I’m having a hard time believing my ex of nine years when he tells me he’s not smoking meth. I moved out about a year ago so we can work on things and about two months ago I read a text in his phone saying his buddy was coming over with some spoof. First red flag. Then I went snooping one day in the garage and found six different pipes. Second red flag. I knew that once in a blue moon him and his buddies would get some cocaine or meth to party with, but I found three light bulbs and three pipes. He said his friends were doing stuff a while back and said I was lying about finding six of them. Then I get an email from our landlord telling me she was concerned because rent has not been paid in four months. Third red flag. I don’t love there so I don’t pay rent. We had our car repossessed back in Sept and cost us a lot of money to get back. He said he got behind because of the car. Then said it was none of my business because I don’t live there. He stopped drinking beer and has lost a ton of weight but his face looks sunken in. Fourth red flag. He put cameras up because the house is not in the best neighborhood. I don’t known that’s the reason or he’s becoming paranoid. When I come over we’ll go out to eat, his eyes don’t look dilated, he seems to be acting normal. I think he’s smoking method a few times a week. I don’t know. If I bring it up we just argue. Any ideas?

    • waffles

      Only you know what’s best, but based on my experiences…

      He will probably not admit it, so bringing it up may not do much good, unless you think he will respond to you calling him out on it. You probably never be able to “prove” his meth use, even if you found some on him. I found meth in our apartment once – and she still denied it! You just have to follow your instincts and do what’s in your best interest. He may or may not be doing meth, but the red flags are there, and it doesn’t sound like he’s in a good place.

      Since he is your ex, is it possible to put some distance between the two of you for a while?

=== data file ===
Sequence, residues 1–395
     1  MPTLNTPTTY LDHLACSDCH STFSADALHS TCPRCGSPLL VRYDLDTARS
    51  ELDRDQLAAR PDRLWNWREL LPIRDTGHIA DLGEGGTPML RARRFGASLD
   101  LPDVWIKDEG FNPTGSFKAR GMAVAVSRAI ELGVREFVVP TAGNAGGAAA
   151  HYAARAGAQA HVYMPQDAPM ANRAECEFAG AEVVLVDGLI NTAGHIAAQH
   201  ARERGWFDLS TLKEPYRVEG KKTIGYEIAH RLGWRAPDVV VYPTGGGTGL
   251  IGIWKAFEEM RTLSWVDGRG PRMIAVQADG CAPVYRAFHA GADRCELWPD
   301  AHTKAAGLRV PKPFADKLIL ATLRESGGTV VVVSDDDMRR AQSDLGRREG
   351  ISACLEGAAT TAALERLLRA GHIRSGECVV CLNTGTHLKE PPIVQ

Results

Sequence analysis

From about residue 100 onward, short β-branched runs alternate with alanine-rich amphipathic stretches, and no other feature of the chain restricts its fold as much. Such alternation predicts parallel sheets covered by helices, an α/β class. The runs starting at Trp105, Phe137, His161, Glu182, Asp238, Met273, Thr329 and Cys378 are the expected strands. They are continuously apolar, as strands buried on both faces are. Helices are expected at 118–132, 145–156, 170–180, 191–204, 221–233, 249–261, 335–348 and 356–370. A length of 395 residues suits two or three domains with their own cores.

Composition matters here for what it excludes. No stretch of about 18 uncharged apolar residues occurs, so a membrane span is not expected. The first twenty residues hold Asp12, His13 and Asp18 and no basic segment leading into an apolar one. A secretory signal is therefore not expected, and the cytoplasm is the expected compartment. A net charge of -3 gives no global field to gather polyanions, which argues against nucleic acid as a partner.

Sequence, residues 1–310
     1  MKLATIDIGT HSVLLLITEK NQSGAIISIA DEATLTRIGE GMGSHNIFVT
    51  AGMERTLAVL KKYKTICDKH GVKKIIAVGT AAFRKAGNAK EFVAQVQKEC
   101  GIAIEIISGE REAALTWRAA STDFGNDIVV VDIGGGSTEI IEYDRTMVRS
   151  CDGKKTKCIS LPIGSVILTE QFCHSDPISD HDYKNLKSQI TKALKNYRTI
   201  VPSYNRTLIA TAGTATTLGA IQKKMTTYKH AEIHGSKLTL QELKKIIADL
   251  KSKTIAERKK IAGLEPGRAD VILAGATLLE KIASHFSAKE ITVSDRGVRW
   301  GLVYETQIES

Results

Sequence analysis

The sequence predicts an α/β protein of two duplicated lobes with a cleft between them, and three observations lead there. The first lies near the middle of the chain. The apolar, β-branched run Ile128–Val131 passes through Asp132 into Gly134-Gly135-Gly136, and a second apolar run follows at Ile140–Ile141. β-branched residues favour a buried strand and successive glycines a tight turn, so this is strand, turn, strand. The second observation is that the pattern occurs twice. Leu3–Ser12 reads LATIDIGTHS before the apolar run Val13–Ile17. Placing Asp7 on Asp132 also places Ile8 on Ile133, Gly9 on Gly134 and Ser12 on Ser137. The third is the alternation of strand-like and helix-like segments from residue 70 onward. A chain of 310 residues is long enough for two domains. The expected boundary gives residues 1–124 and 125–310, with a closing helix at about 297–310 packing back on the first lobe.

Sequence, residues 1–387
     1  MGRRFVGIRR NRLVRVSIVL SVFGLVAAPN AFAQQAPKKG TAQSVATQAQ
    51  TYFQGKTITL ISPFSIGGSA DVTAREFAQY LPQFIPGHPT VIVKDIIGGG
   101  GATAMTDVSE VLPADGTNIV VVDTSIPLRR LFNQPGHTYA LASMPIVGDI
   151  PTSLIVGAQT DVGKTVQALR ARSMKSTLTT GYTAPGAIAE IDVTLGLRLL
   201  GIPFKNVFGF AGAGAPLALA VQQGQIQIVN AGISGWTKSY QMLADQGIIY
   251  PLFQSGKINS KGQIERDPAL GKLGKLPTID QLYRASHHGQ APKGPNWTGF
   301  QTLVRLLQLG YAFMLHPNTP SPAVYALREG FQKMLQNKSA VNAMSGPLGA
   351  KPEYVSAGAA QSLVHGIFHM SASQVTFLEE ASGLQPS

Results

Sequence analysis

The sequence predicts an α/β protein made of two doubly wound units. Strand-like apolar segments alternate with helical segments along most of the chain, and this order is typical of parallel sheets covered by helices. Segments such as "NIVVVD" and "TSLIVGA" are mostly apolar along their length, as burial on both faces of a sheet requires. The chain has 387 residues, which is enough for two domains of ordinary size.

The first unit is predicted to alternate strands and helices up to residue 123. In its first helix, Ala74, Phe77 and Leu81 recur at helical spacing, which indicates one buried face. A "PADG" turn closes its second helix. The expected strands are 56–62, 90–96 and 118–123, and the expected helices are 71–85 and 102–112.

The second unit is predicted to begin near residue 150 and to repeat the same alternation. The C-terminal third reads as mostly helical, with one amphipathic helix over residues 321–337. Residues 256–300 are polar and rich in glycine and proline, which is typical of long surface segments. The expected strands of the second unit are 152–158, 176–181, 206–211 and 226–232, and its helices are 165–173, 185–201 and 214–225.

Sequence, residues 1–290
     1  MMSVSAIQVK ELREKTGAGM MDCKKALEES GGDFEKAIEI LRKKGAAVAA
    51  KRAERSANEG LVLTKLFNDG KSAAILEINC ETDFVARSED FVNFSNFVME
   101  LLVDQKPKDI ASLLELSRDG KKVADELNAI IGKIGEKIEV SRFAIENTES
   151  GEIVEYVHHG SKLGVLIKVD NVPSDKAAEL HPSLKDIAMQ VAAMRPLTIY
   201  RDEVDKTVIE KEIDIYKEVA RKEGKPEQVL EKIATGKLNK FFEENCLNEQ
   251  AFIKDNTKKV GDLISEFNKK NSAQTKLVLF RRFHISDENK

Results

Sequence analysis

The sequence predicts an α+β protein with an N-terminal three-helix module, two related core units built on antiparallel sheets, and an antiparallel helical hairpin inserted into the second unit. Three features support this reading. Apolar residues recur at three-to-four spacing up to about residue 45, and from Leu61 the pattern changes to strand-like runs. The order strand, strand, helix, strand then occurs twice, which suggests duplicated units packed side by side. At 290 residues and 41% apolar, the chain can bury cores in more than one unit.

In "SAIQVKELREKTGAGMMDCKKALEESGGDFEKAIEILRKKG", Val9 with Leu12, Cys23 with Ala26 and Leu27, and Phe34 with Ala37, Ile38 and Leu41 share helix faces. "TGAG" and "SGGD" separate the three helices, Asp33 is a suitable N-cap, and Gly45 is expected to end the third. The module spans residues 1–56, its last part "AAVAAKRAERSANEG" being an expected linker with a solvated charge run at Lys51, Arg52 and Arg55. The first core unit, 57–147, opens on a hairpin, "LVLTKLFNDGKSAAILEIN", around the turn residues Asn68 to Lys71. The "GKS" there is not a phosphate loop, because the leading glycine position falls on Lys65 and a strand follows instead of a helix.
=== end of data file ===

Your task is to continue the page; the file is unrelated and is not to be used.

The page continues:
• Christina

        Yeah, it’s possible. I’m trying really hard to finish this semester strong and this is such a distraction. I love him to death but I know letting him go is best. At least for now. Thanks

  • Crystal

    I came across this site and its nice to no I am not the only one who has been deeply hurt by having a loved one addicted to Meth!I have been with my husband for 8 yrs. I think he has used off and on the whole time we have been together but I was to naïve in the beginning to see it. now after yrs of being with him I have the routine down like the back of my hand!! I thought leaving this last time would wake him up but no I came back to only live through it again! I am fed up but I love him but so sick of hurting and seeing my kids hurt I could scream!!!!

  • Kay

    What do you do when you feel like your parents have ruined your life because of their addictions to meth? I love my parents but, I also hate them because, I have to struggle in life because they can’t stop with their addictions. I always want to just disappear and not care about my family but it is so hard when they are the only ones you’ve got & then you have this guilty conscience killing you because you have to help them get help or they will never change but they are my PARENTS! Why do I have to make a move, why did I have to teach myself what is wrong from right. How to get a job, do things on my own, while my grandparents pay for all their stuff in denial and take care of them but, I’m the grandchild and have to do everything on my own! It’s not FAIR! I didn’t ask for this! My parents are so selfish… I wish I wasn’t even born at times because I feel like my mother may have been high while pregnant with me because, I am emotionally messed up, like I was born depressed.

  • Confused

    My husband only has few signs everything else he seems to do the opposite. For example he’ll be put all night but sleep like a regular person during the day. If he doesn’t go out he sleeps fine through the night. He doesn’t have bad skin or a loss of appetite. Usually he’ll have the drippy runny nose and he hasn’t had one sniffle. His boogers are filmy an crystally though. No cold sweats but he does twitch in his sleep but he doesn’t yell or scream or talk. Last week I found out he was looking on Craig’s list for escorts, but I think he was just looking at pics. Sex is the same we hardly have it, but when we do we have a good connection usually when he’s high it’s like I’m not there and he’s just trying to get off. His pupils were dilated, but when I turned on a light the adjusted. I’m not sure what to think I want to believe him, but I’m just not sure….your thoughts please :0)

    • waffles

      It will always be difficult to prove meth use unless you catch him in the act. It seems that – based on my experience – the meth user’s pupils remain large even in a well-lit room. From what you have written above, it doesn’t seem that your husband completely matches the description of most meth users I’ve encountered. Then again, not everyone reacts the same. You may try bringing up the topic of meth or drugs – even in a general sense – and see how he reacts to the topic.

  • Hopeless